When a friend or family member shows these and other signs of AUD — such as constantly reaching for the bottle despite being visibly tipsy — contact a nearby addiction treatment center.  Their actions are dangerous to themselves and others, especially when mixed with stimulants and other drugs that obscure or intensify the effects of alcohol.

Alcohol Poisoning Deaths

Alcohol use disorder can eventually spiral into a deadly, all-consuming addiction. Some people live for years with AUD while others succumb within months. It depends on their bodily tolerance for abuse and how hard they indulge in a single instance.

Symptoms of late-stage alcoholism include mental confusion, lapsed consciousness, and hypertension. In some of the worst episodes, a person might experience vomiting or seizures. Alcohol-related deaths are often preceded by:

  • Liver disease – The liver performs more than 500 tasks to ensure bodily health. With alcohol, the liver removes toxins before they enter the bloodstream. When the liver gets overwhelmed by binge drinking or constant alcohol abuse, it can’t keep up and gradually wears down. Liver failure is life-threatening.
  • Cardiovascular problems – Issues like high blood pressure, irregular heartbeats (arrhythmia) and other effects of heart disease emerge in many people after years of heavy drinking. Symptoms may include chest pain, tightened chest, numbness and soreness in the limbs.
  • Respiratory problems – People with late-stage alcoholism often suffer respiratory depression. When a person can’t breathe properly, it robs the brain of oxygen. This can damage the brain and central nervous system and cause strokes.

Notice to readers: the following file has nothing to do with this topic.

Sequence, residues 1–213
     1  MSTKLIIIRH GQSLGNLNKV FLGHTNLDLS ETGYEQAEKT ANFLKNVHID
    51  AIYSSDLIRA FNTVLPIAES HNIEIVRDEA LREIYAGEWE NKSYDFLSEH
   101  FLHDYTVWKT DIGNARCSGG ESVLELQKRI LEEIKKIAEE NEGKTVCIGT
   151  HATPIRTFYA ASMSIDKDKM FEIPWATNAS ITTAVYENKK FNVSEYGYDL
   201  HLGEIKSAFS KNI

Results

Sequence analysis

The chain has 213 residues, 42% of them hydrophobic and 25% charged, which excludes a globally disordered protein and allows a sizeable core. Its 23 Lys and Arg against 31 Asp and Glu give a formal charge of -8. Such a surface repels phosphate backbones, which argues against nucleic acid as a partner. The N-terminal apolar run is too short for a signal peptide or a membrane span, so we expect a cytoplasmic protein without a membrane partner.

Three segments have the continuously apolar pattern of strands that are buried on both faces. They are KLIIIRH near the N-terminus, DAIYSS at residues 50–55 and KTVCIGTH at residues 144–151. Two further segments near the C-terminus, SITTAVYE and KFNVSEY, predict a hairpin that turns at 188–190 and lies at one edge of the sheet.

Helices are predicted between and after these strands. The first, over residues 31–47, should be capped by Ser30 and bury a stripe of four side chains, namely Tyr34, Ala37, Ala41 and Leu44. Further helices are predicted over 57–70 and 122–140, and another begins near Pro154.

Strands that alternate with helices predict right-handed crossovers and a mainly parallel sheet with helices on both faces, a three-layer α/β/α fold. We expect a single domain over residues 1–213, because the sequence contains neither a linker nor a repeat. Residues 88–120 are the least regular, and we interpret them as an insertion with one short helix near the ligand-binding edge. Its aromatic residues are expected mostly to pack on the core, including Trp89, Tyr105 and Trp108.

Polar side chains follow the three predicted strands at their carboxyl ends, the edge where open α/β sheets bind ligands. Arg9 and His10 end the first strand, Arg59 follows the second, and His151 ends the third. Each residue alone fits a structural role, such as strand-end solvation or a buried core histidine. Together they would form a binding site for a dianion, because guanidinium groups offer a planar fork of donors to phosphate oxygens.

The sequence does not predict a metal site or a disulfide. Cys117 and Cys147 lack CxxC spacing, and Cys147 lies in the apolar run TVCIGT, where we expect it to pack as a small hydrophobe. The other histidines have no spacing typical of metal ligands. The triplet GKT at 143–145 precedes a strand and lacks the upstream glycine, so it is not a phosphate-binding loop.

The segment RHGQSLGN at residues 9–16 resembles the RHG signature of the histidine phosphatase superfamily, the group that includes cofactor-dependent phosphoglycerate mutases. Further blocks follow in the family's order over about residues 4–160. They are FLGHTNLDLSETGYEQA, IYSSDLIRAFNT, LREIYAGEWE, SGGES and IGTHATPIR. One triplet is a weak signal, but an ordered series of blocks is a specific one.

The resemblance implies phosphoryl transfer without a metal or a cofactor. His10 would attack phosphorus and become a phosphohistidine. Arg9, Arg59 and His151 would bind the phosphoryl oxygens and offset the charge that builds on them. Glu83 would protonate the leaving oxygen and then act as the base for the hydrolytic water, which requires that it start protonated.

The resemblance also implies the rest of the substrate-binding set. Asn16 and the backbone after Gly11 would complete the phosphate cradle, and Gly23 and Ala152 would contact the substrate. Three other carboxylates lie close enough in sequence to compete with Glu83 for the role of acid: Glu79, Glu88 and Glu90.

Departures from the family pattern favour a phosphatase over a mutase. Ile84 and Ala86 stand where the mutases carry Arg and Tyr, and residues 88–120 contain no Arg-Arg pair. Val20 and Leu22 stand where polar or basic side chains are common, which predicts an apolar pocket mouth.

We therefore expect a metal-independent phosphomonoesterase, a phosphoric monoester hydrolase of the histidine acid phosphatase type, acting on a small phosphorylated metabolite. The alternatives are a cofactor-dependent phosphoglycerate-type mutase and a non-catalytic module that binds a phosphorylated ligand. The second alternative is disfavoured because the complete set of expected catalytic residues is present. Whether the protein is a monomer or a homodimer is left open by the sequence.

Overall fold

Other warning signs of late-stage alcoholism include clammy skin, low body temperatures and jaundice, a yellowing of the skin caused by alcoholic hepatitis. Jaundice is especially dangerous for women, the elderly and people with cirrhosis of the liver.

Alcohol Advice from the CDC

The Center for Disease Control (CDC) recommends that adults limit their alcohol consumption as follows:

  • Men: 2 drinks or less in two hours
  • Women: 1 drink or less in two hours

The CDC advises people not to drink if they’re:

  • Below the legal drinking age; alcohol can stunt brain development in growing individuals
  • Pregnant; women who drink pass the toxins to their offspring. This can cause appearance abnormalities and brain damage in infants.
  • Has a physical condition or takes medication that would interact poorly with alcohol.
  • Recovering from AUD; once a person recovers from alcohol addiction, he/she should never drink again, not even in moderation.

The best way to avoid alcohol poisoning is to never drink more than one or two drinks in a single evening.

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Don't go through the process of recovery alone. There are people who can help you with the struggle you're facing. Get in touch with one today.

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Get Help: Contact an Alcohol Rehab Treatment Center

Excessive drinking is a dangerous habit with all kinds of negative consequences, including mental disorders, diminished overall health and chronic disease. Alcohol scars everyone close to the individual who suffers AUD. Combining alcohol with drugs makes the problem worse.

Across the US, treatment centers offer alcohol detox, immediate medical care, counseling and family therapy. Treatment options include residential inpatient and intensive outpatient programs. Today’s treatment providers take a holistic approach to alcohol withdrawal that treats each patient on the physical, mental and spiritual levels.

Alcoholism affects anyone who knows, relies on, or cares about a person struggling with alcohol dependence. In the final stage, the situation is possibly lethal without immediate care and basic life support functions.

Don’t let your friend or loved one reach end-stage alcoholism. Contact a treatment provider before his/her heavy drinking causes progressive disease and premature death. Look up the specific treatment center listing for your area and contact a treatment facility through the website’s main phone number.